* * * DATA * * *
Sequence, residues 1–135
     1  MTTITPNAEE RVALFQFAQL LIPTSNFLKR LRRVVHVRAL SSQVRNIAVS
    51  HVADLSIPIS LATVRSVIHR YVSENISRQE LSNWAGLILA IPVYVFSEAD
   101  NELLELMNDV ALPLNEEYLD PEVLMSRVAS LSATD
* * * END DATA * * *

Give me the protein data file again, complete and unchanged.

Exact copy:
Sequence, residues 1–135
     1  MTTITPNAEE RVALFQFAQL LIPTSNFLKR LRRVVHVRAL SSQVRNIAVS
    51  HVADLSIPIS LATVRSVIHR YVSENISRQE LSNWAGLILA IPVYVFSEAD
   101  NELLELMNDV ALPLNEEYLD PEVLMSRVAS LSATD